The 1963 NFL season was the 44th regular season of the National Football League. On April 17, NFL commissioner Pete Rozelle indefinitely suspended Green Bay Packers running back Paul Hornung and Detroit Lions defensive tackle Alex Karras for gambling on their own teams, as well as other NFL games; Hornung and Karras would miss the entire season. In addition, five other Detroit players were fined $2,000 each for placing bets on one game in which they did not participate.
George Joseph Andrie was an American professional football defensive end in the National Football League for the Dallas Cowboys. Prior to his professional career he played college football at Marquette University in Milwaukee, Wisconsin, which dropped its program after his junior season.
Tobin Cornelius Rote was an American football player who played quarterback for the Green Bay Packers and Detroit Lions of the National Football League (NFL), the Toronto Argonauts of the Canadian Football League (CFL), and the San Diego Chargers and Denver Broncos of the American Football League (AFL).
Edmund Raymond "Zeke" Bratkowski was an American professional football player who was a quarterback in the National Football League (NFL) for 14 seasons with the Chicago Bears, Los Angeles Rams, and Green Bay Packers.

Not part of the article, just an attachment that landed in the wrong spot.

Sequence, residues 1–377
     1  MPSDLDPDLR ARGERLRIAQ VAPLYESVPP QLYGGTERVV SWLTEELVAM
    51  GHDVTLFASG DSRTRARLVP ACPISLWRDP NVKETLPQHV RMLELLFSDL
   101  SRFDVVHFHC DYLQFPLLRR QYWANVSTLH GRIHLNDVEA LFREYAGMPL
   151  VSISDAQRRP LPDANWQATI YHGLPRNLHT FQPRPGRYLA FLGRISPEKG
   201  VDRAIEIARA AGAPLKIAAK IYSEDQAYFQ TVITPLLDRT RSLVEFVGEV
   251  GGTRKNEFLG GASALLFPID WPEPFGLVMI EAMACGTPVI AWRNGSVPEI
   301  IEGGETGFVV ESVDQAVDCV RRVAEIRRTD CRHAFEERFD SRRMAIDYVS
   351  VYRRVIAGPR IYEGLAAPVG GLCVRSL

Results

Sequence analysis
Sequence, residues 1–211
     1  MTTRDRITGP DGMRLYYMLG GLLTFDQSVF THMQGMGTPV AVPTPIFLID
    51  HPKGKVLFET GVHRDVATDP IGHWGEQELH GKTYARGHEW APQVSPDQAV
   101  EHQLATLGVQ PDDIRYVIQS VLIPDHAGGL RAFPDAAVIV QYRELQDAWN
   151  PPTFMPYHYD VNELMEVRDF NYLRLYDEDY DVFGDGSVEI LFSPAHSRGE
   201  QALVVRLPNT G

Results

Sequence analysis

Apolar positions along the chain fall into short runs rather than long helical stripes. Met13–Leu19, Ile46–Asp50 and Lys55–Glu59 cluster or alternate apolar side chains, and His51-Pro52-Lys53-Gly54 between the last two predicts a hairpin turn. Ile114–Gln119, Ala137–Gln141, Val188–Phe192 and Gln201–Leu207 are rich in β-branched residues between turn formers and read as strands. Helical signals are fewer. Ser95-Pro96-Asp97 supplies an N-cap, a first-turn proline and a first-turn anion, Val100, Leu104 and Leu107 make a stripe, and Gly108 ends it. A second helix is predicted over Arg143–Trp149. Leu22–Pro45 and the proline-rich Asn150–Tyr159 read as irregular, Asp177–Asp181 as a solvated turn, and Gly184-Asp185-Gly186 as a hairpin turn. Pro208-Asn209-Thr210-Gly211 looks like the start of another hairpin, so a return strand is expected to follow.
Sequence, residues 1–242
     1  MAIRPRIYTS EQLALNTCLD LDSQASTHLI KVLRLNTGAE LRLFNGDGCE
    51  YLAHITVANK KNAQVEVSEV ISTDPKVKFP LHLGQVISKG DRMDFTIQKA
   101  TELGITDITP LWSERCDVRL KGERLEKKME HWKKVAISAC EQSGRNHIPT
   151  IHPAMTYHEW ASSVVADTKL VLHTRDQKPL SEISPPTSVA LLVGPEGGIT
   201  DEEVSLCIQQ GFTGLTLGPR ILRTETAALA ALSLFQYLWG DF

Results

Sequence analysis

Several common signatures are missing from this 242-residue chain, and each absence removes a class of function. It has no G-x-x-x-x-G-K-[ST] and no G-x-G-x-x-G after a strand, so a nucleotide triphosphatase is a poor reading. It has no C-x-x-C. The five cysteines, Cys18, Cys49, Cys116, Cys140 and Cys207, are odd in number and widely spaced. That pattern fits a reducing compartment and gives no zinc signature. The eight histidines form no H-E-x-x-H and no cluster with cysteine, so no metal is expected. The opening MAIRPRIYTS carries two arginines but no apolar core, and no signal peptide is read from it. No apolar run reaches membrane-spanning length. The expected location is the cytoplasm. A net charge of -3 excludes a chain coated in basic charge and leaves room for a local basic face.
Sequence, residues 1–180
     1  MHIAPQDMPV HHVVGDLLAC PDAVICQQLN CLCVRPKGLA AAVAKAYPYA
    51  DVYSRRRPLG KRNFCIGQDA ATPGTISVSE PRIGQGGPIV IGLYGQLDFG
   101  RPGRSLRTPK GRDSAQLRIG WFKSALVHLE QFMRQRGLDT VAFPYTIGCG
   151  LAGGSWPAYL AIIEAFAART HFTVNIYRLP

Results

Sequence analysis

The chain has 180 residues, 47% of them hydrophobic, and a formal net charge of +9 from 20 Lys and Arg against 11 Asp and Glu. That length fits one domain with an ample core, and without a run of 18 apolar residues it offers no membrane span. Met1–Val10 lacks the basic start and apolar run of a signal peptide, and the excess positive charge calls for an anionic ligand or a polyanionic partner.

The 1966 Green Bay Packers season was their 48th season overall and their 46th in the National Football League. The defending NFL champions had a league-best regular season record of 12–2, led by eighth-year head coach Vince Lombardi and quarterback Bart Starr, in his eleventh NFL season.
The 1967 Green Bay Packers season was their 49th season overall and their 47th season in the National Football League and resulted in a 9–4–1 record and a victory in Super Bowl II. The team beat the Dallas Cowboys in the NFL Championship Game, a game commonly known as the "Ice Bowl," which marked the second time the Packers had won an NFL-record third consecutive NFL championship, having also done so in 1931 under team founder Curly Lambeau. In the playoff era, it remains the only time a team has won three consecutive NFL titles.
Robert Joseph Conrad is a former professional American football wide receiver in the National Football League for the Chicago Cardinals, St. Louis Cardinals and Dallas Cowboys. He played college football at Texas A&M University.
Lee Roy Caffey was an American football outside linebacker in the National Football League (NFL) for the Philadelphia Eagles, Green Bay Packers, Chicago Bears, Dallas Cowboys and San Diego Chargers. Caffey is one of the top 100 Green Bay Packers of All-Time (#57). He played college football at Texas A&M University and is one of Texas A&M’s top 10 best players in the NFL.